Special Orders  

Seymour Martin Lipset and the Study of Democracy

Larry Diamond
Hoover Institution, Stanford University
and
Gary Marks
University of North Carolina at Chapel Hill
 

Throughout this century, and especially since World War II, no theme has more preoccupied the fields of comparative politics and political sociology than the nature, conditions and possibilities of democracy. And no political scientist or sociologist has contributed more to advancing our thinking about democracy--in all its dimensions, both comparatively and in the United States--than Seymour Martin Lipset. 

Among his seminal publications are Agrarian Socialism (1950), which investigates the conditions of radicalism in the United States and Canada; Political Man (1960), an immensely influential analysis of the bases of democracy across the world; The First New Nation (1963), which analyzes democracy and its development in the United States from a comparative perspective; Consensus and Conflict (1985), a wide-ranging study of how democracies are shaped by social cleavages; and Continental Divide (1990), which compares culture, society, politics and economy in the United States and Canada. 

Lipset was an undergraduate at City College of New York and completed his Ph.D. at Columbia University in 1948. He taught at the University of California, Berkeley (1948-50 and 1956-66), Columbia University (1950-56), Harvard University (1966-75) where he was George D. Markham Professor of Government, the Hoover Institution (1976- ), Stanford University (1976-82) where he was Caroline S.G. Munro Professor of Political Science and Sociology, and George Mason University (1990- ) where he is Hazel Professor of Public Policy. Lipset has held more than twenty offices in professional societies, including president of the World Association for Public Opinion Research, president of the International Society of Political Psychology, and vice president of the International Political Science Association. He has authored or co-authored 21 books, numerous scholarly articles, and has edited or co-edited a further 25 books. No living political scientist or sociologist is more frequently cited by other scholars. In 1991 Lipset became the only social scientist ever to serve as president of both the American Sociological Association and the American Political Science Association. 

Of course, no article could do justice to the wide-ranging intellectual contributions of Seymour Martin Lipset. His books and articles have sought to elucidate such diverse phenomena as the political and social origins of socialism (or the absence of socialism), fascism, revolution, protest, ethnic prejudice, anti-Semitism, and political extremism; the sources and consequences of class structure, class consciousness, class conflict, and social mobility; the links between historical and social cleavages, party systems, and voter alignments; voter preferences and electoral outcomes; the dense reciprocal relations between values and institutions; the changing character of such diverse and specific institutions as trade unions and higher education (and even unions in higher education!); the determinants and dynamics of public opinion and public confidence in institutions; the role of religion in American life; the political behavior of American Jews; the conditions of the democratic order; and the differences between cultures, especially the contrast (which has fascinated him throughout his scholarly life) between Canada and the United States. Across this sweeping landscape of classical and pioneering issues in the social sciences, Lipset has brought a consistently lucid and striking accessible analytical style, and a breathtaking array of sources and evidence, that have made his works among the most popular and widely used, both by teachers and by researchers. More striking still, virtually every one of these issues he has explored authoritatively, both across nations and with a specific focus on the United States. And he has published with equal distinction as a social historian and as an astute commentator on the politics, culture, and conflicts of our time. Can any living social scientist lay claim to such a broad and broadly honored set of works?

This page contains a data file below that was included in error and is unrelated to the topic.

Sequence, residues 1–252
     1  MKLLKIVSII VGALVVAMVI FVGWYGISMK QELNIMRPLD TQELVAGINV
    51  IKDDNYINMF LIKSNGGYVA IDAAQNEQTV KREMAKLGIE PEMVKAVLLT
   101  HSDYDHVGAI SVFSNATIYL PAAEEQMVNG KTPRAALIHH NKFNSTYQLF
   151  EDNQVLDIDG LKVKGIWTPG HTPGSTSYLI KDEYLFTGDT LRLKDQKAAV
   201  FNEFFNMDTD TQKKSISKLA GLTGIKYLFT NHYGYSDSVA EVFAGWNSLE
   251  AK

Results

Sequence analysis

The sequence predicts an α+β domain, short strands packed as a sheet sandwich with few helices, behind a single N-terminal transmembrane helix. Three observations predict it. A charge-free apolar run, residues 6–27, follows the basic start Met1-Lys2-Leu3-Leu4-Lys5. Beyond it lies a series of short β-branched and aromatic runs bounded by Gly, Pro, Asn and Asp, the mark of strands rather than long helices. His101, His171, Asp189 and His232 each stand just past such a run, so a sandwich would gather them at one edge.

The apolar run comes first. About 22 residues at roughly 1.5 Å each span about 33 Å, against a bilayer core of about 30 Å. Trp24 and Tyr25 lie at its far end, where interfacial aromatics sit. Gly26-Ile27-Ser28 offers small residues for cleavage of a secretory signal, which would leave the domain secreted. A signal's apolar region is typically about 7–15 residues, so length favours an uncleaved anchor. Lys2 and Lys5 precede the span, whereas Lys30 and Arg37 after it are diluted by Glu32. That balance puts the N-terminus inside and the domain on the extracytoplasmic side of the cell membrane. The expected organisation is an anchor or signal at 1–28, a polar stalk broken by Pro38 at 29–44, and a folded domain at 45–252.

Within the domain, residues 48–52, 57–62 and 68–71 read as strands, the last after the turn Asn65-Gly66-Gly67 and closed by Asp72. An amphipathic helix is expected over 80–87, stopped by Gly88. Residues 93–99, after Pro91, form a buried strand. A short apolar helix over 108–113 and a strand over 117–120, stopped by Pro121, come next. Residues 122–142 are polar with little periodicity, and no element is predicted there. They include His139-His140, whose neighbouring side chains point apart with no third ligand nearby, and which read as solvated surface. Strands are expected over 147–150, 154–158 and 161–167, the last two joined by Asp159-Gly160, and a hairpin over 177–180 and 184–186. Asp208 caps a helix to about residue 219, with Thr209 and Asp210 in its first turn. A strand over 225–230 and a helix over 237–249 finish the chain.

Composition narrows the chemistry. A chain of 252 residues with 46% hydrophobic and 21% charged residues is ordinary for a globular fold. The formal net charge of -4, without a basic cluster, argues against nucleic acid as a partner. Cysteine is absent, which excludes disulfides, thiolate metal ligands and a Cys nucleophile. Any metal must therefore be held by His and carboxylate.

Yet, within this great and restless diversity of questions, issues, methods and foci, we think there lies a core theme to Lipset's work. That core is the conditions, problems, dynamics, values, and institutions of democracy, both in the United States and comparatively throughout the world. 

One of the richest and most important currents in Lipset's work has concerned the conditions of the democratic order. Very few contributions on this theme have proven more seminal and durable over time than his 1959 article in the American Political Science Review, "Some Social Requisites of Democracy: Economic Development and Political Legitimacy" (republished in Political Man as "Economic Development and Democracy"). Lipset's assertion of a direct relationship between economic development and democracy has been subjected to extensive empirical examination, both quantitative and qualitative, in the past 30 years. And the evidence shows, with striking clarity and consistency, a strong causal relationship between economic development and democracy. The relationship is not as linear as Lipset implied. It has been subject to weakening or reversal at middle levels of development. But across a wide range of studies, with a great variety of samples, time periods, and statistical methods, the level of economic development--or, as Diamond has slightly reformulated it, the level of "human development"--continues to be the single most powerful predictor of the likelihood of democracy. Moreover, there is much historical evidence to support Lipset's hypotheses about the causal dynamics involved: that development promoters democracy by generating more democratic values and attitudes, a less polarized class structure, a larger middle class, and a more vigorous, autonomous associational life. It is these intervening variables, Diamond shows in his reexamination both of Lipset's theory and of the evidence, that hold the key to developing stable democracy. 

In this liberal, pluralist approach to the conditions of the democratic order, which pervades his writing on the subject through the decades, Lipset has been heavily influenced by classical political thinkers, dating back to Aristotle. Indeed, he frequently acknowledges this intellectual debt, as with the selections from Aristotle that introduce Political Man. These passages emphasize the crucial link between political order and a rule of law; the dangers of political extremism and unfettered populism; the importance to democracy of limited inequality, a large middle class, and political moderation. These themes resonate powerfully and continuously through Lipset's writings on politics and governance and have significantly shaped his theoretical and philosophical approach.